PaedRegCliNet promotes development of medications for children

Many of the medications used to treat children have been developed almost exclusively for adults and approved for them. This is why pediatricians have been demanding for decades that medications be tailored specifically to the needs of the child's body and adequately tested on children. A regulation from the European Commission called the Pediatric Regulation has set out to solve this problem. Clinical studies involving children should ultimately give way to medications tailored for this age group. The studies include not only testing substances from adult medications especially for children, but also the additional development and testing of entirely new medications for children.

Paving the way for clinical studies with children

But implementing this extremely positive endeavor has run into two major obstacles. "Because there have hardly been any clinical studies with children, many doctors at pediatric clinics do not have the necessary training," says Prof Dieter Adam. And that is why he founded the association PaedRegCliNet e.V. together with other pediatric specialists. It offers doctors at pediatric clinics one to two-day courses, which provide them with the basis for clinical studies in pediatrics, from the necessary infrastructure to the monitoring and implementation at testing centers. These courses were presented in detail at a symposium held at the Dr. Haunerschen Kinderspital of the University of Munich on September 29, 2010.

Ethical obligation overrides profit

The second problem encountered in implementing the Pediatric Regulation is finding a pharmaceutical company to finance the study. An EU proposal does contain a mention of assuming up to 50 percent of the costs of research on particular medications. "But for companies this does not appear to be attractive," explains Prof Adam.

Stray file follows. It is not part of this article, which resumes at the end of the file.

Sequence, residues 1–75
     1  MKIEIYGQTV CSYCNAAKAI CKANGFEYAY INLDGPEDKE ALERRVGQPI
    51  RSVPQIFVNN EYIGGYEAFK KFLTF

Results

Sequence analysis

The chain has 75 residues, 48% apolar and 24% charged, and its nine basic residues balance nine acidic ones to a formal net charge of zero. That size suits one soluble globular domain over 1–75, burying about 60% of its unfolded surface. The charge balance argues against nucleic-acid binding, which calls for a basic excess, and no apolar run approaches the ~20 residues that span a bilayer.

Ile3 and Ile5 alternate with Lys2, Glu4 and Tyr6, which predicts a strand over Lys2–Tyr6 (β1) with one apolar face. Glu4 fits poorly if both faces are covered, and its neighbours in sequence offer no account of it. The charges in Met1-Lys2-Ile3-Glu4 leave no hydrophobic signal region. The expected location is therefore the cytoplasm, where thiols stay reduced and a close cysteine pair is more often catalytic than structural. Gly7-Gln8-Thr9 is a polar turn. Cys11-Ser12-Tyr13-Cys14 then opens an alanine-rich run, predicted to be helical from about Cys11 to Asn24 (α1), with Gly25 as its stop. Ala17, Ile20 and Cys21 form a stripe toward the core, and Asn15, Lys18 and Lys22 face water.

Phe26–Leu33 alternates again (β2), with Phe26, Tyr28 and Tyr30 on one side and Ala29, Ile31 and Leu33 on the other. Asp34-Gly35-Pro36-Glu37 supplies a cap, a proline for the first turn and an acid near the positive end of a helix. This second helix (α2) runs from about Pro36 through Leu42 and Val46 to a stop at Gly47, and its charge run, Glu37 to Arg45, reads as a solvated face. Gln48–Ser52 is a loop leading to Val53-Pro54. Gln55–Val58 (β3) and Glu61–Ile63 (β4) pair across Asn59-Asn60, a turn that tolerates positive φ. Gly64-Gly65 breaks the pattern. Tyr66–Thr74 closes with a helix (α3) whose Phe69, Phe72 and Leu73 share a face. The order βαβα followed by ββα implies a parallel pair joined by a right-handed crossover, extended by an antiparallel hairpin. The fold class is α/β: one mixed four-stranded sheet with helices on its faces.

"Compared to adults, children are not a revenue driver." He explained this fact by using the example of high blood pressure. A medication for high blood pressure approved for adults will be prescribed to millions of patients. If the medication is to be tested to see if it is safe for babies who suffer from high blood pressure due to a congenital heart disease, there are only a few thousand young patients worldwide who would be prescribed this medication. This is why PaedRegCliNet e.V. is also committed to finding pharmaceutical companies, raising awareness of the EU regulation and to underscoring the ethical obligation.

Lowering the costs of the studies

In an effort to keep the costs of the studies as low as possible and to consequently burden pharmaceutical companies as little as possible, the specialists are striving to shorten the studies or to perform them with as few young patients as possible. To do this, they are using archived patient data in pediatric clinics on the so-called "off-label application" of adult medications. If there is no other way to save the health of the child, the doctors have to use these medications even without specific approval for children. "We plan to view and anonymously assess the files in question," states Prof Adam about the project. Some medications often prove to be effective and safe for many thousands of young patients. If one then considers these facts in a clinical study, it can be carried out with significantly less effort. Unfortunately, government organizations have not yet agreed to offer financial support to this project.

The non-profit organization PaedRegCliNet e.V. was founded in 2009 and is committed to promoting the development of medications for children and to supporting this through its own projects. As a member, you help ensure that children across Europe are given adequately tested medications.

SOURCE PaedRegCliNet. e.V.

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